It’s really not so surprising that a wonderful wild world exists in the middle of
New York City -- indeed it exists precisely because the Park is a critical oasis of
nature in a vast sea of steel and concrete.
Annual nationwide surveys suggest that nearly a quarter of the species of birds
have declined more than 50% in the last 40 years. Over the past few years as I’ve
wandered the Park with my camera I have personally witnessed noticeable
decreases in bird numbers. As one of the experts in the film points out, unless we
reverse this trend, we’re going to lose many precious bird species during our
I hope that this film conveys how a vital piece of nature can exist in the most
unlikely of places, and that now, more than ever, we need to make every effort to
preserve nature, wherever we find it.
ABOUT THE FILMMAKERS
PRODUCER / DIRECTOR /
JEFFREY KIMBALL has made a number of award-
winning short dramas, non-fiction and experimental
films, and worked as a cameraman, soundman and editor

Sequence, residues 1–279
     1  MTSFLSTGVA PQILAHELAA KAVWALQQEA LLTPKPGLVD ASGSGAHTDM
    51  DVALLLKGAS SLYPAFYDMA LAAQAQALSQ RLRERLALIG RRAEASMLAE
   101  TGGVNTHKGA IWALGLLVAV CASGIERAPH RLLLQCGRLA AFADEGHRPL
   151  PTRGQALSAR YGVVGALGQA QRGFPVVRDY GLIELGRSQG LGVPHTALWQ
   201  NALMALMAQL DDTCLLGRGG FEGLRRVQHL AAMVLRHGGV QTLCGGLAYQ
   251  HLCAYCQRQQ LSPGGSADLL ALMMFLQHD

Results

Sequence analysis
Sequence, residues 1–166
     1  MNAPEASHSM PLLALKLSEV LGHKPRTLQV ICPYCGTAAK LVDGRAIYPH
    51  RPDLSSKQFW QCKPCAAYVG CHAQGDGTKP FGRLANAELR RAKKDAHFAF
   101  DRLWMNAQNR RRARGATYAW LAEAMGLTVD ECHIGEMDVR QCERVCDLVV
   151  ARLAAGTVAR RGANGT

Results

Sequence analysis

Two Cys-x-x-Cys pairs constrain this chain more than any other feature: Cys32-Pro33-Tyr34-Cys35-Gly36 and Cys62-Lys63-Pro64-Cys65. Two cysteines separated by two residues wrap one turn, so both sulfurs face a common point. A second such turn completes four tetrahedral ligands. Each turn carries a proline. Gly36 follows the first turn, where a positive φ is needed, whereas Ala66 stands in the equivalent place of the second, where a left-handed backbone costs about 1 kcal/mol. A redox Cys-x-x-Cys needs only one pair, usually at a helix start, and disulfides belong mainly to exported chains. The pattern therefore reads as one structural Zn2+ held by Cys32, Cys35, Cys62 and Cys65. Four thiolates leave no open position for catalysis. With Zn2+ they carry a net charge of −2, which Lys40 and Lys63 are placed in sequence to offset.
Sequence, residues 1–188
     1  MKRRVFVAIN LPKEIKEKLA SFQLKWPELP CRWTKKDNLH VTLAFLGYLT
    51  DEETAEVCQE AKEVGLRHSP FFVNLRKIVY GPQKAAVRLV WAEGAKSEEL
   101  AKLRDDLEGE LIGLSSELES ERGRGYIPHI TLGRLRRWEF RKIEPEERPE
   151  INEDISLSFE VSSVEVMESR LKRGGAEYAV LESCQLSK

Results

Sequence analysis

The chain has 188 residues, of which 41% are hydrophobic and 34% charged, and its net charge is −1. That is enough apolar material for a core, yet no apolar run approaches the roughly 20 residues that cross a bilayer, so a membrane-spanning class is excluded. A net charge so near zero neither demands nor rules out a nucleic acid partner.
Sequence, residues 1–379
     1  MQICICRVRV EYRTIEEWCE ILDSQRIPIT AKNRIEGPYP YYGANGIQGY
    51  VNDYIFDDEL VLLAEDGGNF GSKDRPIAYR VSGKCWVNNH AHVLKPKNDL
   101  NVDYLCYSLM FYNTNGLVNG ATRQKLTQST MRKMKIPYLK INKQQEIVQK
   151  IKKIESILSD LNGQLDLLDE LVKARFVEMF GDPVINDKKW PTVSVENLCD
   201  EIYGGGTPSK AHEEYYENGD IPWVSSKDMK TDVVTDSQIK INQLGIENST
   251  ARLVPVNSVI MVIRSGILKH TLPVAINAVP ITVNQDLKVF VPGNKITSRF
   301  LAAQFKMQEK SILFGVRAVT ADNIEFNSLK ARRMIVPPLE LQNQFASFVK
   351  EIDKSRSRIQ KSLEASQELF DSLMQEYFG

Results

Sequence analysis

for documentaries, music videos and independent films.
His career took a turn when he landed a job as Associate
Producer and Music Supervisor on the breakout
Sundance Grand Prize winner, True Love. His
soundtrack album for that film spawned two hit singles,
one of them Top Ten. He went on to serve as Music
Supervisor and Consultant for a number of studio and
independent films for such directors as Steven Soderbergh, John Sayles, Nancy
Savoca and Robert De Niro.
In 1994, Jeff joined Miramax Films as a Vice President to found their Music
Department, where he oversaw music on over a hundred features, three of
which won Oscars for Best Original Score. He has worked closely with such
directors as Robert Altman, David O. Russell and Julian Schnabel.
After his tenure at Miramax he was Music Supervisor for Good Will Hunting,
nominated for two musical Oscars: Best Song and Best Score. Jeff has also
produced the feature film, On The Borderline, and served as Executive Producer
of the documentary Looks Like Laury, Sounds Like Laury.
The Central Park Effect is Jeff’s feature directorial debut. Over a span of four
years, he wandered the Park with his camera filming birds and birders in
action, interspersed with crew shoots for the sit-down interviews. In March
2012, the film will have its world premiere in the documentary competition
section of the South By Southwest Film Festival.
Born in San Francisco and raised in nearby Marin County, Jeff holds a
bachelor’s from Stanford University and an MFA in Film Studies from New